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On April 8, Bitcoin Cash (BCH) had its first halving event that saw its price gaining 11.2% rising from $249.23 to $277.22 but later dropped to around $265.
Just like all other proof-of-work blockchains, Bitcoin Cash (BCH) is designed to manage its monetary supply by gradually printing mining rewards. These rewards are printed to machines that secure the BCH network by solving complex mathematical problems. Bitcoin Cash went through with its first halving event on April 8, with the token gaining 11.2% on the day. Bitcoin SV, which will also have its halving event scheduled for April 10, exceeded these gains. It recorded a 19.4% surge within the same day. Only this pair of Bitcoin forks were green in the overly red market on April 8.
But, these gains were short-lived since the vaulted halving event did not generate a lot of fireworks as expected. After rising from $249.23 to $277.22, the coin’s price crumbled and fell back to around $262 in less than an hour. Nonetheless, it has consolidated its gains, and it is currently trading at around $265.
Some analysts are convinced that miners will switch from BCH and BSV in April until Bitcoin’s halving takes place in mid-May, trying to compensate lost revenues.
Hash Rate Plummets
After Bitcoin Cash reduced its block rewards by half, it hit some miners’ gross revenues severely. The mining difficulty and hash rate on Bitcoin Cash were already on a downward spiral in the run-up to the halving event. Hash rate is a measure of how much miner power is participating on the network. It was down following a rapid drop in the token’s price.
The Bitcoin Cash hash rate chart shows that it has plunged by almost twice. Interestingly, after the April 8 halving event, Bitcoin Cash mined just one block in 2 hours. This means that miners have started abandoning the token in huge numbers. They aim to mitigate their losses, awaiting the forthcoming BTC halving event. Despite all that has happened, BCH is still trading around $265.
Arcane Research said that to avoid slow block discoveries due to a lower hash rate, a difficulty adjustment algorithm was added to the BCH fork. Some days a single block was generated in an hours while during other days a block was generated per minute. Thus, the firms said that this strategy:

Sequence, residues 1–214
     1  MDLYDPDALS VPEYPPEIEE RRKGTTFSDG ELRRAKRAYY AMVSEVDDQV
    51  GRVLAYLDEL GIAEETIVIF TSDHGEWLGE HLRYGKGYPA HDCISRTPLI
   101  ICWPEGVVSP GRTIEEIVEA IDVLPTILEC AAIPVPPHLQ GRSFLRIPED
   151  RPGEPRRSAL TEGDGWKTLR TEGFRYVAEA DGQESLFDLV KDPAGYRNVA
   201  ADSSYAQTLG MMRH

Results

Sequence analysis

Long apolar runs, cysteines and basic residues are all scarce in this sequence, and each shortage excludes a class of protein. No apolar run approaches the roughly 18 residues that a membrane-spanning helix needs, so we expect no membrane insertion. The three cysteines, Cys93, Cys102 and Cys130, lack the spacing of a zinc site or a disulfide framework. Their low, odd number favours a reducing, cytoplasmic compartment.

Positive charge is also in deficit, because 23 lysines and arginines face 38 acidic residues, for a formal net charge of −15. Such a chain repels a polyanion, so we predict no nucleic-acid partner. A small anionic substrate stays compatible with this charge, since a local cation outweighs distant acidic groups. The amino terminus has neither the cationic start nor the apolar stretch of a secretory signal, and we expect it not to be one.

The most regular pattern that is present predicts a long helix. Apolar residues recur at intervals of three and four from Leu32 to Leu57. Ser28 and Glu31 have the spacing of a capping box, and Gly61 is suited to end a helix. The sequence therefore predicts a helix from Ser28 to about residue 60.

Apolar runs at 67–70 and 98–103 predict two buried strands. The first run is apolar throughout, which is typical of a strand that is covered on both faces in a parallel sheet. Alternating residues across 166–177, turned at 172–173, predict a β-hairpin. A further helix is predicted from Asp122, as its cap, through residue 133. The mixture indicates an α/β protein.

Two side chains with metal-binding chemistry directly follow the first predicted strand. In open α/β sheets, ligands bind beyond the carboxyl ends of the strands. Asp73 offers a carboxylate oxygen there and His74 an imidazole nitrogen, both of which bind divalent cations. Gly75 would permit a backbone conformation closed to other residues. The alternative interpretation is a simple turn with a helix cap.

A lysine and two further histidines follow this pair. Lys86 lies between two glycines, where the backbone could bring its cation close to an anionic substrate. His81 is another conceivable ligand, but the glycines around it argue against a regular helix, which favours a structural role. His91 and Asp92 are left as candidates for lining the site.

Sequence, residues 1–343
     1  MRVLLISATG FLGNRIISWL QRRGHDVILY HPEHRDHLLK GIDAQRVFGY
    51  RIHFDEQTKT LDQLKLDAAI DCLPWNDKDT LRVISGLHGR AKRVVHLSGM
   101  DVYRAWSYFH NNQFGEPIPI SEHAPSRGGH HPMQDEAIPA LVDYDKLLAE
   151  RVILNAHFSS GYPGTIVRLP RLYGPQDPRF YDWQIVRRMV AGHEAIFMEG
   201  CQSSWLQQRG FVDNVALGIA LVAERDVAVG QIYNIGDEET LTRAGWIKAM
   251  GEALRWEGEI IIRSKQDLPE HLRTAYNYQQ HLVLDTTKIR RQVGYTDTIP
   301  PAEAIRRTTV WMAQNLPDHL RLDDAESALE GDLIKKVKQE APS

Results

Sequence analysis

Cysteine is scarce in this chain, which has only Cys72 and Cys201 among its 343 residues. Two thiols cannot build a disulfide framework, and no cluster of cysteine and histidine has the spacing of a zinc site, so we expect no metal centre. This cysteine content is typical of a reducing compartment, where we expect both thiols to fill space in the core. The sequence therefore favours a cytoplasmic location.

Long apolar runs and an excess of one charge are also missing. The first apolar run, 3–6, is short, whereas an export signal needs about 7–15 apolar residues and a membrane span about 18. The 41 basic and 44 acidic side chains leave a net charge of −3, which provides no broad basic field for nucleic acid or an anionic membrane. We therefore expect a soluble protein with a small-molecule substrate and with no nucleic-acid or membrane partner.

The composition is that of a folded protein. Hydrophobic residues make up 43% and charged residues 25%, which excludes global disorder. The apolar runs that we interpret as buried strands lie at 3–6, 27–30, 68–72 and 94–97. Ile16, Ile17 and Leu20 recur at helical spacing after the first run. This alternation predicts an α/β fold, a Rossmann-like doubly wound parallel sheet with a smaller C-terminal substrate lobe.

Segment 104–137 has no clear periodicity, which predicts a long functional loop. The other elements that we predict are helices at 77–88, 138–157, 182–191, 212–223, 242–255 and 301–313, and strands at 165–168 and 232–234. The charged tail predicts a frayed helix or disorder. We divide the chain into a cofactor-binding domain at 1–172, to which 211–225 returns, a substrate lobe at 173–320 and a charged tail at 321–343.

“Allowed miners to inflate the BCH supply much faster than what was intended in bitcoin; by accelerating the generation of new blocks. This acceleration is the reason behind the early halving of BCH and BSV.”
Bitcoin Cash Halving a Non-event?
Traders and crypto enthusiasts have, for so long, maintained that block reward halvings would result in the price increase of their given coins. The halving process of a coin’s block reward decreases the inflationary rate of its supply.
Theoretically, it increases the coin’s prospects of becoming useful as ‘sound money.’ Hence, it attracts more investors who develop a fear of missing out (FOMO) on an increasingly rare but valuable asset. In contrast, others argue that such block rewards were already taken into consideration by the investors and entities who purchased the coins long ago.
According to previous reports; one of Bitcoin Cash most prominent proponents dismissed the suggestion that the halving would have any serious influence on the price. Roger Ver stated:
“The last two times, basically nothing happened at all. It was a non-event; it wasn’t exciting at all, and that’s my prediction for what’s going to happen this time as well.”
Bitcoin’s block reward halving event is expected to take place in the next 34 days. It appears like the market will not go on any rampage until that event takes place.